In keeping with its outdoorsy image, the Taycan Cross Turismo rides a little higher off the ground than a regular Taycan, meaning it can traverse lumpy countryside car parks without scraping its underside. A ‘Gravel’ mode adapts the various systems in the car to cope with such conditions, too. Upgrade to the Off-road Design Package and the standard air suspension runs in a slightly higher setting all the time, though you can adjust this on all models at the touch of a button. It’s still no SUV but means you can park at the local country show alongside your friends with Bentaygas and Range Rovers without fear getting stuck at the end of the day. Inside the Cross Turismo looks after its driver and front-seat passenger in exactly the same way as the regular Taycan, which is to say surrounded in luxury and tech with a seating position that feels like being in an electrified 911. This is an entirely good thing. Those riding behind you get a much better deal too, with much more headroom than the saloon version. The standard four-seat configuration can be upgraded at a cost (spot the pattern here) into a ‘4+1’ configuration with a temporary centre seat and 40/20/40 split folding rear seats in place the regular 60/40 set-up. The boot is wide and long but somewhat shallow, so if you really need luggage space you’re still better off with a Panamera Sport Turismo or perhaps an SUV. To help shout your lifestyle cred Porsche offers branded, custom fit roof boxes and bike racks as required. On the road the slightly raised ride height means a little more roll in the corners, though this isn’t entirely a bad thing and makes it feel more natural than the nailed down, slot-car vibe of the saloon version. Even with this off-road dressing the Taycan handles and goes like nothing else, feeling utterly drilled down into the road.
Expert rating: 5/5

Features of the Porsche Taycan Cross Turismo

On the face of it the Taycan Cross Turismo has a decent amount of kit as standard, including part-leather upholstery, power-adjustable front seats, a neat 16.8-inch configurable instrument display riffing on the look of classic 911s and a central touch-screen with fully connected navigation and other services. If you prefer to use your phone apps and are an Apple user wireless CarPlay is also standard. Minimal and futuristic while also classically Porsche, the Taycan’s interior is a masterclass in design and tech and packed with feelgood features. Saying that, the opportunities to spend (and spend big) are never far away in the options list, be that with posher upholstery (‘vegetarian' options included), more tech, a fancier stereo, branded trim or whatever personalisation your heart desires and wallet can support.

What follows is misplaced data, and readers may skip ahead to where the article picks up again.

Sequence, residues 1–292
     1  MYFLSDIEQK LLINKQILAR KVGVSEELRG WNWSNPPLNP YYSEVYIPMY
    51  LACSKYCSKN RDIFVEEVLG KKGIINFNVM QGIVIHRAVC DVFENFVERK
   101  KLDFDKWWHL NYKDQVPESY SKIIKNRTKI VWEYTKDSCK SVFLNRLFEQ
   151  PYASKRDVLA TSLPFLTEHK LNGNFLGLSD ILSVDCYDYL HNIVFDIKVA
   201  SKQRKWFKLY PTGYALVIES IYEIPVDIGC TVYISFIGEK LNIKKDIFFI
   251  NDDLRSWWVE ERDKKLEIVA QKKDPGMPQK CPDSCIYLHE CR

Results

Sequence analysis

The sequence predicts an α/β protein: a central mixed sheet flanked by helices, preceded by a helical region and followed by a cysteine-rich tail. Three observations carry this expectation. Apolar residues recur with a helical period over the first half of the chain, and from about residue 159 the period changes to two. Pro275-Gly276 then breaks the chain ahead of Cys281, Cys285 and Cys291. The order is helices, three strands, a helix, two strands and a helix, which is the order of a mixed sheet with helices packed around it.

Expert rating: 5/5

Power for a Porsche Taycan Cross Turismo

All Sport Turismo versions of the Taycan use the bigger 93.4kWh battery and with motors front and rear to drive all-four wheels. The fact even the ‘slowest’ version has as much as 476 horsepower when deploying its launch control and leaves the more expensive, V8-powered Panamera GTS Sport Turismo for dust is a measure of just how fast this car is. We drove the 625 horsepower Taycan Turbo Cross Turismo on a quick loop of the roads around Goodwood, this version packing more power than a 911 Turbo S when on ‘overboost’ and acceleration violent enough to leave even the driver feeling a little queasy, the automated two-speed gearbox at the rear just doubling the sensation. OK, even the overboosted 761 horsepower of the Turbo S model can’t match the ’Plaid’ edition Teslas but, frankly, when you reach this level of performance everything feels pretty ludicrous. Back on planet earth all Taycan Cross Turismos score over 200 miles of range by official measures and come with an 11kW AC charger and 100kW DC onboard charging as standard. You can upgrade these for faster charging if you like (and have access to plug-in points able to dish out the power) but – guess what – this is a cost option as well.
Expert rating: 5/5